• Eric Holt: 4 since that’s my favorite number. It’s the number of letters in my first and last name.And every time I get a bib that is a 4 or a factorial of it is a good omen.

  • Anna Hall: 7! I have it tattoed on my hand. It was my dad’s football number so I picked it in every sport growing up! Plus I do 7 events and want to score 7K.

(Drake would probably say 6, because that’s where he runs with his woes.)

What are these kids up to? 👶

Photo: Johnny Zhang | @jzsnapz

The average high school kid isn’t voluntarily reading an extra four thousand words a week, so the odds are that the majority of you reading this newsletter are much too old to be dialed into the prep running scene. All you know is that every dude breaks four minutes in the mile now, and that makes you a little resentful. Don’t feel bad, these kids will never know the joy of riding a bike around the neighborhood without their parents quietly monitoring them via air tag. 

This year’s New Balance Nationals Indoor meet was as good of a high school meet as you’ll ever attend – so good in fact, that many of you may have already heard some of these results. Particularly this one: if there can only be one MVP from the meet, it would be Quincy Wilson. His performance transcended beyond the SnapChats saying “OMG THIS KID JUST RAN 45.76 FOR 400M!” It was the subject of at least one group chat I’m on, comprised entirely of olds.

We don’t necessarily need to add any additional qualifiers to make a national high school record more impressive. But I’m going to do it anyway. The kid is 16 years old and is only a sophomore! But he’s hardly a neophyte. Wilson is no stranger to the scene – he’s been racking up AAU titles from an early age, and last year at this same meet he ran 46.67, which put him on my radar.

During freshman outdoor season, he split 45.07 at the Penn Relays, and then clocked an open 45.87 at the U20 championships. Now he is coming for the best of the best and not holding back about his desire to compete with the guys he once looked up to. It seems ridiculous to suggest that a kid who has to sit in algebra class the day after rewriting the record books could be a challenge to world champions, but times don’t lie. Noah Lyles split 45.68 on the 4×400 in Glasgow, but in a more apples-to-apples comparison, Quincy’s time would have placed him fifth at the NCAA meet the day before, on the same track.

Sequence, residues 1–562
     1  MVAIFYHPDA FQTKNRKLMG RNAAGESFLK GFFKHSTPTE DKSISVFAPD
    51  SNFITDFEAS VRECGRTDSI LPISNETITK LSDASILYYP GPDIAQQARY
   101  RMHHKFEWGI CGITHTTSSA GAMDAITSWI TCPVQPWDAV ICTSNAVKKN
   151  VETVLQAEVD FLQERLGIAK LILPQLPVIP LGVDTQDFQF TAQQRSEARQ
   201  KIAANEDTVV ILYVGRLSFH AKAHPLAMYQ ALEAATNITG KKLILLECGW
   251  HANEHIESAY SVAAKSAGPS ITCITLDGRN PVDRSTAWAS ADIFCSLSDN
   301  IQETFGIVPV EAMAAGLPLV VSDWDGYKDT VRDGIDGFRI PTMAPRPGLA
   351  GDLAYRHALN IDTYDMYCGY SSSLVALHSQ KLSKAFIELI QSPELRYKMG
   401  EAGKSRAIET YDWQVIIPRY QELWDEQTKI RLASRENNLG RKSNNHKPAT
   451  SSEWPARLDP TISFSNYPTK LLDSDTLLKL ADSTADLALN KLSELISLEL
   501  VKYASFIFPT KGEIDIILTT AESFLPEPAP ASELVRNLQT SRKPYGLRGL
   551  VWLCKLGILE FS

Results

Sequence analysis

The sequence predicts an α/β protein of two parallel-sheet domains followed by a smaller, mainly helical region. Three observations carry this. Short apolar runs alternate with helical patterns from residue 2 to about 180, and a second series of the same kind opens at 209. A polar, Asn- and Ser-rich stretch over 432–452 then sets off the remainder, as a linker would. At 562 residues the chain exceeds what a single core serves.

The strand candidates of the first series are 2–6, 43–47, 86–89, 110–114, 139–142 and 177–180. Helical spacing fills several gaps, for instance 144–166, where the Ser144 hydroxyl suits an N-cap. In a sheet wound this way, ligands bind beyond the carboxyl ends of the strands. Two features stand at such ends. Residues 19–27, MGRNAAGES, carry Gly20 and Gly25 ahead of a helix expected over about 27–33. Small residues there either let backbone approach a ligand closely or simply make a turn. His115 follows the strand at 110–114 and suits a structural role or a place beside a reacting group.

What does running such fast 400m times at such a young age mean for his future? Should we be concerned about Wilson’s early ascension?

Taking a look at another teen sensation, Sydney McLaughlin-Levrone made her first Olympic team at 16 and she has obviously panned out well. It’s maybe a tad risky to assume all one-lap record-holders will become the next Syd, but she’s at least proof of concept.

The previous boys high school record holder didn’t enjoy a lengthy career, but not for the typical concerns we worry about with prodigies. Elzie Coleman ran 45.92 at the Simplot Games 20 years ago, but wound up kicked off the Mississippi State squad for disciplinary reasons and spent what should have been the prime years of his career in and out of jail.

Not a whole lot we can extrapolate from that unfortunate outlier case!

In watching Wilson run, my first impression is “man, he looks smooth.” (My second is “I would definitely ask him for his ID before selling him tickets to an R-rated movie.”) And in talking to him, I was super impressed by how humble and focused he came across, and how prepared for the trajectory to stardom he seems to be.